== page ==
(By Karl Denninger) The instant reaction yesterday to the "revelation" that Metro PCS (PSC) and T-Mobile were "talking" (and which is now reported as a deal that has been made this morning) sent Sprint's shares down sharply.
But my first read on this deal is that the analysis on "harm" to Sprint is likely to be wrong for several reasons.
First, T-Mobile and Metro PCS have different and incompatible network architectures. The immediate reaction in PCS shares was to skyrocket 20%, but one wonders if anyone thought about this from more than "next 5 minutes" perspective -- after all, we do have an example of what can happen when you try to merge incompatible networks from recent years (Sprint/Nextel anyone?)
Second, the clear and stated motivation in this deal is for Deutsche Telecom to find a way to "monetize" (read: spin off and walk off!) from T-Mobile. Giving them a US-trade equity symbol to do that with is rather more-likely to be the primary motivating factor here. DT has long wanted a way out this door; despite all the arm-waving they don't seem to be all that interested in actually operating a network here in the United States, although they have spent pretty heavily on network build-out over the last 24 months.
Then there's the fact that Metro PCS is a "major market only" provider, and T-Mobile has quite a bit of spectrum in those areas already, along with the fact that LTE is more spectrum-efficient than HSPA+ -- and thus T-Mobile, as they convert, already gains effective capacity.
And finally, like it or hate it, neither has the iPhone.
One "unquestionably" good thing is that the FTC and FCC are unlikely to oppose this merger; indeed I suspect both will cheer their opposition to the T-Mobile/AT&T deal as "creating" the environment where these talks too place and led to a merger as a "big win" for their action and pat themselves on the back. Yeah, ok.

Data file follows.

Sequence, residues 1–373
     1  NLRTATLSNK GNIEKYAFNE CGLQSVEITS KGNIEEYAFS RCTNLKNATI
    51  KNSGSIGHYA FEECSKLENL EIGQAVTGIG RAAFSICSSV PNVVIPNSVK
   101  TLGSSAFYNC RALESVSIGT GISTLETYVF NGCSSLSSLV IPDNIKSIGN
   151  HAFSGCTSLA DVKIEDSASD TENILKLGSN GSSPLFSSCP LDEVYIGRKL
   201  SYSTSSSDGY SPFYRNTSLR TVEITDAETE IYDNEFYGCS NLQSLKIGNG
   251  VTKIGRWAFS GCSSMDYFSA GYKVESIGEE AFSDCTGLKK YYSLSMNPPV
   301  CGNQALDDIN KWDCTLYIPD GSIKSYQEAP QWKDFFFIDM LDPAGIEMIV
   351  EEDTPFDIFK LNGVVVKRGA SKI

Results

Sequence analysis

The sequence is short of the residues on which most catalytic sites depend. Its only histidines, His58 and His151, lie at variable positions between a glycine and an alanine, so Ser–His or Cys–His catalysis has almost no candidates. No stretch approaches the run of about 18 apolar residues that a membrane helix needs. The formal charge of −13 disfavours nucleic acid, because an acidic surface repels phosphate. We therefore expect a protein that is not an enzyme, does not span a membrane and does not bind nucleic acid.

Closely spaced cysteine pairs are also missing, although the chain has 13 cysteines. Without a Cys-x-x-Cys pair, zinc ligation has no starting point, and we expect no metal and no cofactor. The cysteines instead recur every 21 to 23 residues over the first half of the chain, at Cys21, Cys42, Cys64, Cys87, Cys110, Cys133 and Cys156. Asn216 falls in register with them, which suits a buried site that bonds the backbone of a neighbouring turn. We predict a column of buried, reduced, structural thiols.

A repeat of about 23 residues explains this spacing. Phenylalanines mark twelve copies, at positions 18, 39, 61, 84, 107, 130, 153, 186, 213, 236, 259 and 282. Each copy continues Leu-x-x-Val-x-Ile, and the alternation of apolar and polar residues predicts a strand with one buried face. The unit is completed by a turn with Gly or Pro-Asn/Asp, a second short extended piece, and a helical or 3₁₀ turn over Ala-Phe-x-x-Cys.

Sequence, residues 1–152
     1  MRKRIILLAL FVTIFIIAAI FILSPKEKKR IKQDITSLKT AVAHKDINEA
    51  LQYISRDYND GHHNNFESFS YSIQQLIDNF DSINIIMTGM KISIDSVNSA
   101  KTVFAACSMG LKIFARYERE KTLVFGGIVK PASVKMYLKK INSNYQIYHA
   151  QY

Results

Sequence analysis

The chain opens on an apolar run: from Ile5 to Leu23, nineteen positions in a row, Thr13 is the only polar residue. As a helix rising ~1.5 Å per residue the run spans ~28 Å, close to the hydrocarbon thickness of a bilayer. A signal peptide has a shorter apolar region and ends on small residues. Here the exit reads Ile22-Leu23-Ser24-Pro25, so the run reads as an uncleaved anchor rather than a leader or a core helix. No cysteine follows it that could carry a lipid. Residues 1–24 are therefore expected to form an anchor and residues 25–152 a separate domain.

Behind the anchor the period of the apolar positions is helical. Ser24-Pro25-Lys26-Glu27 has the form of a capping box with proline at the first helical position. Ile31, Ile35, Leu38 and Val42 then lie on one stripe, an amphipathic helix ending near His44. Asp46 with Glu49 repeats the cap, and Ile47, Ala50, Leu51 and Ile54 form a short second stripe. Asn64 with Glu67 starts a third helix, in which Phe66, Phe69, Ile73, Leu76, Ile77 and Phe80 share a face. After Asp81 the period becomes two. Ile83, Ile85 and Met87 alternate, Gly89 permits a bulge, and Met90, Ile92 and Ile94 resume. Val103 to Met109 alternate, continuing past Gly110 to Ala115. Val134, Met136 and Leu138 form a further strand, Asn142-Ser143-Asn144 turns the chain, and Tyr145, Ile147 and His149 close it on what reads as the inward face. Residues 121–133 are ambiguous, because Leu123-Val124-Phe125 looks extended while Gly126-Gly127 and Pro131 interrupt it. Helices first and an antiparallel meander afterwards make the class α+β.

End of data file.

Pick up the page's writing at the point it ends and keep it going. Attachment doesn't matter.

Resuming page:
Nonetheless my "first blush" look at this deal is that it doesn't hurt Sprint and might help them. Metro PCS is likely to lose customers who were marginally attached; being a no-contract company those customers can more-easily jump ship than contract customers anyway, and now they have a reason to do so as spectrum gets re-purposed and their devices either impaired or made worthless over time. This is always a risk with incompatible technologies and while it was "poo-pooed" with Nextel due to ordinary turnover and the expected integration timetable we've all seen the results -- that was a bad assumption that was disproved. The only question is whether this holds up in the general sense or was Sprint/Nextel specific.
Who will those marginally-attached customers go to? Probably not T-Mobile.
Probably Virgin or Boost, both of which now have quite-credible higher-end prepaid devices and both of which are Sprint brands.
I haven't run the numbers on PCS to see if it makes sense to get involved there; my first-blush look is that you missed it unless you were in the name before yesterday, and if you were, I'd be setting a stop on that position and be prepared to take your money.
But for Sprint, which got pounded, I don't think this changes their story at all. There was an abortive attempt, if you remember, in them acquiring PCS some time ago but the deal was zorched by the Sprint board. I think that was probably the right decision at the time and still looks ok, even given what just happened.
I still think the risk:reward favors Sprint -- and so long as their operational metrics continue to show improvement, which we will get another look at here in a few weeks, I will continue to think so. This sell-off came from a position of higher risk than I'd typically like, but with a nice banked profit and the technicals taking the stock back to the 50MA, with a relatively clean place for a stop, if you missed the run you might have just been given a second shot at one of the best stories of the year.
Disclosure: The author has a long position in this name and continues to trade it.